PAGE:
For those wondering what has happened to the proposals to build two massive Rail Freight Interchanges on adjacent pieces of land here in South Northants, here is a brief summary of what we know. Ashfield Land’s Rail Central, which has been in planning for well over five years, and in our consciousness for over two, has still not been lodged as a formal application. There is a suggestion that another round of public exhibitions will be held in March so any formal submission to the Planning Inspectorate is likely to be in the second half of 2018 but, based on past experience with this Developer, who knows? In the meantime, fellow RFI Proposer, Roxhill, whose RFI has been in the official planning process a much shorter time (albeit it spent quite a while on the drawing board as a standard warehouse park without a rail connection,) has leapfrogged its rival, having completed a second round of public exhibitions in 2017. We expect the formal application to be lodged in the first half of this year before we stall ourselves to endure up to a year of examination and subsequent determination by the Planning Inspectorate. This process will undoubtedly overlap to a degree with an identical examination of the Ashfield Land proposal which will seriously stretch local (and national) resources and add elements of confusion and complication to the whole process.
The legislation that governs the development of Strategic Rail Freight Interchanges is the National Policy Statement for National Networks, originally brought in to govern the building of large pieces of infrastructure such as roads, railways and ports but later amended to incorporate rail freight interchanges in the hope that it would help facilitate the transferring of freight from road to rail by streamlining the planning process. The policy guidelines are very general and allow wily Developers the latitude to make their own wide interpretations of what constitutes an appropriate site for such a facility. However, there is enough content in the statement to dictate that such facilities are required in relatively small numbers and should be distributed “across the regions”. The appropriate spacing and location of these facilities is critical if the Government is to succeed in building an effective rail freight network; hence the term ‘Strategic’ that is applied to them.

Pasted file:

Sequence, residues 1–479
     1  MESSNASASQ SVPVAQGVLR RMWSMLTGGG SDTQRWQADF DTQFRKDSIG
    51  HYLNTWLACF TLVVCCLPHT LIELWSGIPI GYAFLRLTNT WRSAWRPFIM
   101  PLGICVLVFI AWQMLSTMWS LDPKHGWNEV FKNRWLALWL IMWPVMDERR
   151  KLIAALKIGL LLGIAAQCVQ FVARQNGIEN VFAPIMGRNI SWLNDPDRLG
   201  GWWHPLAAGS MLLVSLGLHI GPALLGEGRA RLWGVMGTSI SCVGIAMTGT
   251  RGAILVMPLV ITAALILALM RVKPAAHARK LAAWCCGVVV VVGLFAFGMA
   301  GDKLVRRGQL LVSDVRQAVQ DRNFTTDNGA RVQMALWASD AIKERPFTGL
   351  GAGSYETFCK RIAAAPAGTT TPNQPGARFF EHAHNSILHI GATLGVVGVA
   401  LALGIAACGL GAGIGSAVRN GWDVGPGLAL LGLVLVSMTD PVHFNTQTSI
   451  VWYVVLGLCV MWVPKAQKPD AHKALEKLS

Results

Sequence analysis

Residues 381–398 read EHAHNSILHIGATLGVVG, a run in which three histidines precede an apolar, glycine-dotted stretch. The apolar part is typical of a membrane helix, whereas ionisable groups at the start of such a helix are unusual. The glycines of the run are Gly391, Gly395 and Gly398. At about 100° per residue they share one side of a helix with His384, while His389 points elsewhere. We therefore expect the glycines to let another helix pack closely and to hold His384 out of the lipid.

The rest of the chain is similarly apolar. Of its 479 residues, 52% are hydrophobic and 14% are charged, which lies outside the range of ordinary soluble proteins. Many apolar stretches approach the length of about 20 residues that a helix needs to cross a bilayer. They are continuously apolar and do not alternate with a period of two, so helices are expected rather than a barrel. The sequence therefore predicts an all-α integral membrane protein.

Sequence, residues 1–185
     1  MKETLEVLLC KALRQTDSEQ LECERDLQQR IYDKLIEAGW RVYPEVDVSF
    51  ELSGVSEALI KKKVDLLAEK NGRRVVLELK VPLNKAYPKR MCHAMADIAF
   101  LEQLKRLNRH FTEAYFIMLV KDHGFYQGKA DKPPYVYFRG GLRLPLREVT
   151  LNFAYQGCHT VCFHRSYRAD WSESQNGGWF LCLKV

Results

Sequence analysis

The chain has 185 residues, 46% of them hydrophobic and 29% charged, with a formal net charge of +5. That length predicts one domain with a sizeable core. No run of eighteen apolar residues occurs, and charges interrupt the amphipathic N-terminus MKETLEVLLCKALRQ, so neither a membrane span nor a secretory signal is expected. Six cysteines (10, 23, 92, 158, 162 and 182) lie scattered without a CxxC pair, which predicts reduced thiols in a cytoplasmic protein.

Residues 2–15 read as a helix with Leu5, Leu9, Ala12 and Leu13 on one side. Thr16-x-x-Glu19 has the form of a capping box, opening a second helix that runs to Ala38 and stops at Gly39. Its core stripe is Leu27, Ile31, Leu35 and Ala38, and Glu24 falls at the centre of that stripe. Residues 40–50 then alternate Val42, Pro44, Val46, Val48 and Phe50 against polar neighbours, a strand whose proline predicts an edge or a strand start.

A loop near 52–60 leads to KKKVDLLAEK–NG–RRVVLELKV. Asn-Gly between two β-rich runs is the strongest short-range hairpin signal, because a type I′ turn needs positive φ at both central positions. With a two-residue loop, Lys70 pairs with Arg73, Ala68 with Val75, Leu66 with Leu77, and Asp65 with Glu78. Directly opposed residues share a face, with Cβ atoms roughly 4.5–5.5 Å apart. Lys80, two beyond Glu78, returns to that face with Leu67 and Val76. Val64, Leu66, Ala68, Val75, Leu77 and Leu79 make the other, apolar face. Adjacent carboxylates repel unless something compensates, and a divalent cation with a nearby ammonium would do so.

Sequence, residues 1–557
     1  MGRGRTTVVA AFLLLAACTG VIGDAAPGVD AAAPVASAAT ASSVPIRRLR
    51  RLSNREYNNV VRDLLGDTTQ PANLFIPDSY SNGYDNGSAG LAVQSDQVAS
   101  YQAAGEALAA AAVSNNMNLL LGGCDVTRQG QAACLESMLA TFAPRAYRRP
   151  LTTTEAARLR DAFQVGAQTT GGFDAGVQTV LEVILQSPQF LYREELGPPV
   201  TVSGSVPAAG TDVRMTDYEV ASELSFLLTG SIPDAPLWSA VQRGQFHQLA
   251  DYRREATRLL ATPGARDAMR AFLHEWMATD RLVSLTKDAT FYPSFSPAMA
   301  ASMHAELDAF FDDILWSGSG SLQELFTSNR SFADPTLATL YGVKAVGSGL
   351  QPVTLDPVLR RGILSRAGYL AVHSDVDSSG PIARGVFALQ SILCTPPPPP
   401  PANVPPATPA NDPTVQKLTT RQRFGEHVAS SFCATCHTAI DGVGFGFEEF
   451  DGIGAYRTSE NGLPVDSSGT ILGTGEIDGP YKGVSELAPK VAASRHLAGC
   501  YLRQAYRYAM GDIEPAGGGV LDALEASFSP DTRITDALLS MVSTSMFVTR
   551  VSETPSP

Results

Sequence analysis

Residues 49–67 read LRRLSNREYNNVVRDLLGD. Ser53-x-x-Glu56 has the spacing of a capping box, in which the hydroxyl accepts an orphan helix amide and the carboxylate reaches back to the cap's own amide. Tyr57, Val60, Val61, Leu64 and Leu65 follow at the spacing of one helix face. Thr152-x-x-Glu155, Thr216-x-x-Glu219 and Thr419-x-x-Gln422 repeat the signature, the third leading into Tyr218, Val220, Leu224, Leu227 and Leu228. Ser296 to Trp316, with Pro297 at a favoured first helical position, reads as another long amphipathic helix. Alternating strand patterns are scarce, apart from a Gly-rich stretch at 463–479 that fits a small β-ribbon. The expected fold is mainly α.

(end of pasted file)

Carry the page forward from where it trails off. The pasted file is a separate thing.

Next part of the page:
There is a significant school of thought (in both the Logistics Industry and in Academia) that some Developers may well not have the development of an effective strategic rail freight network at the forefront of their thoughts and are using the National Policy Statement as a means of by-passing local planning laws and taking the determination of such applications to central Government where they have a greater chance of obtaining consent (having already been turned down by the Local Planning Authority). That two Developers are attempting to build two massive ‘Speculative’ Rail Freight Interchanges right next to each other and only 18 miles from the largest SRFI in the country is fairly conclusive evidence that they do not have the ‘national good’ as their primary objective. Whilst we remain confident that is highly unlikely any competent Government body would think that two next to each other would be a good idea, it is clear that there is no appetite to adopt a proactive approach to deal with this unprecedented situation. The Planning Inspectorate remain unmoved by the suggestion that an alternative approach is required to deal with this unique situation of two adjacent and competing proposals and appear determined to judge both individually on their own environmental merits, not on whether either or both would contribute to an effective national network. The consequence of this stance is that the taxpayer will be paying for two long and detailed application processes when there is, in all likelihood, very little chance of both being consented.